It's not shocking that Disney would create yet another film that features a child without a mommy and daddy, but Pixar's 10th feature film, Up, still manages to play on strong themes of marriage and fatherhood. Released last Friday, it pairs a crotchety old man with an obnoxiously chatty child to create both a tear-jerking and laughter-inducing film that sister site CT Movies called "a delightful, perspective-changing ride."
The first half of the film uses very little dialogue to show a beautiful picture of a husband and wife, Carl and Ellie, who dream of living in South America. Ellie works as a zookeeper while Carl sells balloons, and we see them live a full life filled with love for each other. But it's not the same happily-ever-after ending we tend to associate with Disney. We see the couple face numerous challenges, and they are never able to fulfill their hope of moving to Paradise Falls.
As 78-year-old Carl mourns his wife's death, a chubby 8-year-old knocks on his door to earn an "assist the elderly" Wilderness Explorer badge. Eager to be left alone, Carl shoos Russell away, badgeless.
Facing a court order to move into a retirement home, Carl instead ties thousands of helium balloons to his house to fly to Paradise Falls. As he floats peacefully on his way, he finds Russell on the porch begging to be let in. We become genuinely annoyed with Russell as he presents Carl with several challenges, almost preventing him from fulfilling his dream.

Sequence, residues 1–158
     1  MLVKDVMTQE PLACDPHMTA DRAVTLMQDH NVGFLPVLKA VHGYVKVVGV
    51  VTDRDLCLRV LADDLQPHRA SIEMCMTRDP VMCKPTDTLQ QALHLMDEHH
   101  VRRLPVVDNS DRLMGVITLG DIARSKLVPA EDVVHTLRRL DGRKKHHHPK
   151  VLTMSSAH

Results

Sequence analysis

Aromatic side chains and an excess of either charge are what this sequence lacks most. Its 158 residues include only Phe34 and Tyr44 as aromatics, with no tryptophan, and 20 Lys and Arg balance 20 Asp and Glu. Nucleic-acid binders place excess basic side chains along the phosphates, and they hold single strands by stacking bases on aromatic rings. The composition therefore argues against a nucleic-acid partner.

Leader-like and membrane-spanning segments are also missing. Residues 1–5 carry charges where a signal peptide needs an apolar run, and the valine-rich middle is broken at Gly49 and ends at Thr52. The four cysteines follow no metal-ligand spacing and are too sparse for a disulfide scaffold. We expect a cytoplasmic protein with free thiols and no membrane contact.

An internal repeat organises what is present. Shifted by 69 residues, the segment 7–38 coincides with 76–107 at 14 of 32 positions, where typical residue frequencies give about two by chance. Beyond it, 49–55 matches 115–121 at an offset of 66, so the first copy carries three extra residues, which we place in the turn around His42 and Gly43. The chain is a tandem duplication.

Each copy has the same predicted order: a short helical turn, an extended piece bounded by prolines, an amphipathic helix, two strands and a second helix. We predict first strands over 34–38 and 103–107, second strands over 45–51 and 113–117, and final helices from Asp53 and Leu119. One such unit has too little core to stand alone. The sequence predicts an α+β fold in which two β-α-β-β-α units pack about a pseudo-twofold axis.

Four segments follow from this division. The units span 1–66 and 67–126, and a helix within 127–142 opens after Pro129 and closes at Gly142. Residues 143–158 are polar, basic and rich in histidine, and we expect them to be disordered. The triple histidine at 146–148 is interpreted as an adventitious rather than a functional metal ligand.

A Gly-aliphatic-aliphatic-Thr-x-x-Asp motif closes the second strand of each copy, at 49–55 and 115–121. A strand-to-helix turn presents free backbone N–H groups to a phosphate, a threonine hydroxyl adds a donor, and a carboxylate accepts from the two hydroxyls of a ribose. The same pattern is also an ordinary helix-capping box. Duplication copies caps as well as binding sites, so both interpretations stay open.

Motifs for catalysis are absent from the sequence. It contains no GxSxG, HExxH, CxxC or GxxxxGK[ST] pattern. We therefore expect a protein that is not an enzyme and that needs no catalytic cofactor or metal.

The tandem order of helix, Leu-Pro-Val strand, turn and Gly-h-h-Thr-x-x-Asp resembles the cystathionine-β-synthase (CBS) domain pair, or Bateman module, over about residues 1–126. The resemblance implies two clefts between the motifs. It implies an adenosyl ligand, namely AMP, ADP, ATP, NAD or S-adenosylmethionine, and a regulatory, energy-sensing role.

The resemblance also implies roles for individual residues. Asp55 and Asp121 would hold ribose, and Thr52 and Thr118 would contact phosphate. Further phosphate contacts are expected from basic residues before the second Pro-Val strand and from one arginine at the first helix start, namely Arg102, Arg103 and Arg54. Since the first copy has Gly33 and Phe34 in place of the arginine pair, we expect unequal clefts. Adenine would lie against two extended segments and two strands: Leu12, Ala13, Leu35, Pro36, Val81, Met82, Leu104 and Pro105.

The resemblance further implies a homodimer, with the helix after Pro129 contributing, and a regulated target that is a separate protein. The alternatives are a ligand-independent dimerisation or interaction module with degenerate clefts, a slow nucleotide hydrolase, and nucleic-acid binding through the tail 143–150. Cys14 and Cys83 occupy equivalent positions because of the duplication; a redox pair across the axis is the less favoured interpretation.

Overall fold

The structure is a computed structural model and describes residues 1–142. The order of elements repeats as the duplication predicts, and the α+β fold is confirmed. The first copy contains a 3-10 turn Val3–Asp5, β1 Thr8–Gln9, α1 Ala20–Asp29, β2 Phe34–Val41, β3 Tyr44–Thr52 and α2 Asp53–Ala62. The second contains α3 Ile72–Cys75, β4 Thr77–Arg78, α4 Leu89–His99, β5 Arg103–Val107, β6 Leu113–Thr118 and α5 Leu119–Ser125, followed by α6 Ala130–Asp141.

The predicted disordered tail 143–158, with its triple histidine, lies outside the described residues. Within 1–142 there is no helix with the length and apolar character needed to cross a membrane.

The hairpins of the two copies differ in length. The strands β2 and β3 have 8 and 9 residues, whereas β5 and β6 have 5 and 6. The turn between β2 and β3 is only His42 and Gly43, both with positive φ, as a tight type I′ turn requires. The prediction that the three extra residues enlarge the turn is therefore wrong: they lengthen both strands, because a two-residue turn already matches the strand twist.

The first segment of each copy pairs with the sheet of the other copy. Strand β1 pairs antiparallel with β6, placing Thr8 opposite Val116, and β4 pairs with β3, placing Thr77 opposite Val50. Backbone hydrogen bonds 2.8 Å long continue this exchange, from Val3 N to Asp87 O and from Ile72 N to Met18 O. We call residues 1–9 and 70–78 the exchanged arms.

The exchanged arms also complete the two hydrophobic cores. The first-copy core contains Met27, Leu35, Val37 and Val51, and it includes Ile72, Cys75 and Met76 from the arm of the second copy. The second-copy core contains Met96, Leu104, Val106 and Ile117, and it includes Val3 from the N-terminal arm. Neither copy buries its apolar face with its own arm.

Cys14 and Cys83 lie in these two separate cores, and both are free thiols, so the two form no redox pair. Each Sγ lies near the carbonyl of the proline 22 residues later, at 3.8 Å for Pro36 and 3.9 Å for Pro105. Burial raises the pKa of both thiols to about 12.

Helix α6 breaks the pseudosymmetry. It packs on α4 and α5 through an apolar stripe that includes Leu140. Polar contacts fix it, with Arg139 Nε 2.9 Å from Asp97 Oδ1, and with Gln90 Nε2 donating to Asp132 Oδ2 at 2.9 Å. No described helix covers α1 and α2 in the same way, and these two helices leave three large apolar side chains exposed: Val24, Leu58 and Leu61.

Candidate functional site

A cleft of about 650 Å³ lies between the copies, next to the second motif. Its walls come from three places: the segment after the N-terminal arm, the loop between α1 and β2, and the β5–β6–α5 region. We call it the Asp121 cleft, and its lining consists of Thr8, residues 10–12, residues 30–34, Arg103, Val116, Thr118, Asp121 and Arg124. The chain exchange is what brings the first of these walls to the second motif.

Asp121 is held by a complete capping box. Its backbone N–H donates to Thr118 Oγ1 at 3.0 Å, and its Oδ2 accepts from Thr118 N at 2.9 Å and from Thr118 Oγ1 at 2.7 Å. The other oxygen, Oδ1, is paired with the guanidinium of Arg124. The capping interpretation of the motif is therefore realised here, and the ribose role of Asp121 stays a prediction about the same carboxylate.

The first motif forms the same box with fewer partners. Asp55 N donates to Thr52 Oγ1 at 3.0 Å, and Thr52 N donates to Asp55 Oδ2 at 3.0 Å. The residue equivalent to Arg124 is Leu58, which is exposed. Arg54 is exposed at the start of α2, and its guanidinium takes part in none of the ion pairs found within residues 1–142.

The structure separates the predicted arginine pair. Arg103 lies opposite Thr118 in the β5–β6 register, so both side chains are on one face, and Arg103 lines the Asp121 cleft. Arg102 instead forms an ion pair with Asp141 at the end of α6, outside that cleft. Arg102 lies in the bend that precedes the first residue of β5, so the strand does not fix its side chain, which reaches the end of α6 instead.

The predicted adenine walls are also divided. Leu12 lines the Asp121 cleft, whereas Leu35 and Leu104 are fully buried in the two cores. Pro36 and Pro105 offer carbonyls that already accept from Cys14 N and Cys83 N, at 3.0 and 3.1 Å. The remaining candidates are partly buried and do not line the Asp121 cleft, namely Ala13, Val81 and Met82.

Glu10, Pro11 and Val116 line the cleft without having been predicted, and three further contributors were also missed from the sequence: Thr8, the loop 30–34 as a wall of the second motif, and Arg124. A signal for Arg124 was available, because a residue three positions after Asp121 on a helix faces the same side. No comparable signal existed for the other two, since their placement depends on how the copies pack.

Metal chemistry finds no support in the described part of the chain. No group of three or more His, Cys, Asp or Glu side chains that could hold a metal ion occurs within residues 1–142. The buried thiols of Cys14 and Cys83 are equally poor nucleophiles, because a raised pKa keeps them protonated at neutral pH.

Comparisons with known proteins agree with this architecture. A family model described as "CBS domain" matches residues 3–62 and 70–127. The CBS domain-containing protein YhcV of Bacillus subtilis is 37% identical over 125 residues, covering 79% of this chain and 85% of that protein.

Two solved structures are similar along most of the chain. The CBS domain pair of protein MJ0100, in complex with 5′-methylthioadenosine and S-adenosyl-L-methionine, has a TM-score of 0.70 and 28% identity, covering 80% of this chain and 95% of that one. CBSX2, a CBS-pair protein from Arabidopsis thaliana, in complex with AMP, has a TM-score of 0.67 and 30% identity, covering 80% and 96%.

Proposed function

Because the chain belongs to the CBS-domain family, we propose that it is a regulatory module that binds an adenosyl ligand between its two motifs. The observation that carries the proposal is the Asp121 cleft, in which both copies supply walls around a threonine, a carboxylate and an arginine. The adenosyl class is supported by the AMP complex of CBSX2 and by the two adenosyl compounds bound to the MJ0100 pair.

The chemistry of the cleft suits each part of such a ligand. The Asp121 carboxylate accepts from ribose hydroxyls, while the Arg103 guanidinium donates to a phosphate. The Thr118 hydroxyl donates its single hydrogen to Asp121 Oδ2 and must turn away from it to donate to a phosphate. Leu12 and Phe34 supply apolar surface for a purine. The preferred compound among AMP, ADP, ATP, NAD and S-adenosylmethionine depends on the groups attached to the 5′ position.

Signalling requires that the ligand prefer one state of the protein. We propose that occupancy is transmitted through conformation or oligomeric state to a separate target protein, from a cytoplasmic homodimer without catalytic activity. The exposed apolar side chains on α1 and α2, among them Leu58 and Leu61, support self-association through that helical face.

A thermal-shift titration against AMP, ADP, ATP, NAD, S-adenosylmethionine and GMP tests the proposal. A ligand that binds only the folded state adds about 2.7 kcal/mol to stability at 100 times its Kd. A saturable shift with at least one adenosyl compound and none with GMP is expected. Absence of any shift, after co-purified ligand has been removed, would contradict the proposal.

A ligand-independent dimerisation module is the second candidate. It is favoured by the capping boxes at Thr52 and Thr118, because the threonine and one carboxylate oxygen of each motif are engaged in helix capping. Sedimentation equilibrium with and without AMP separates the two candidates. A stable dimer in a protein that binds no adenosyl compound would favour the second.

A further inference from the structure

Carolyn Arends writes for CT Movies about the parallels of the characters.
Along the way, Carl and Russell also make some interior (but no less monumental) discoveries. Despite their seventy-year age difference, they have much more in common than they first realize. Both of them have ...1
Already a CT subscriber? Log in for full digital access.
Subscribe to Christianity Today and get access to this article plus 65+ years of archives.
- Home delivery of CT magazine
- Complete access to articles on ChristianityToday.com
- Over 120 years of magazine archives plus full access to all of CT’s online archives
- Learn more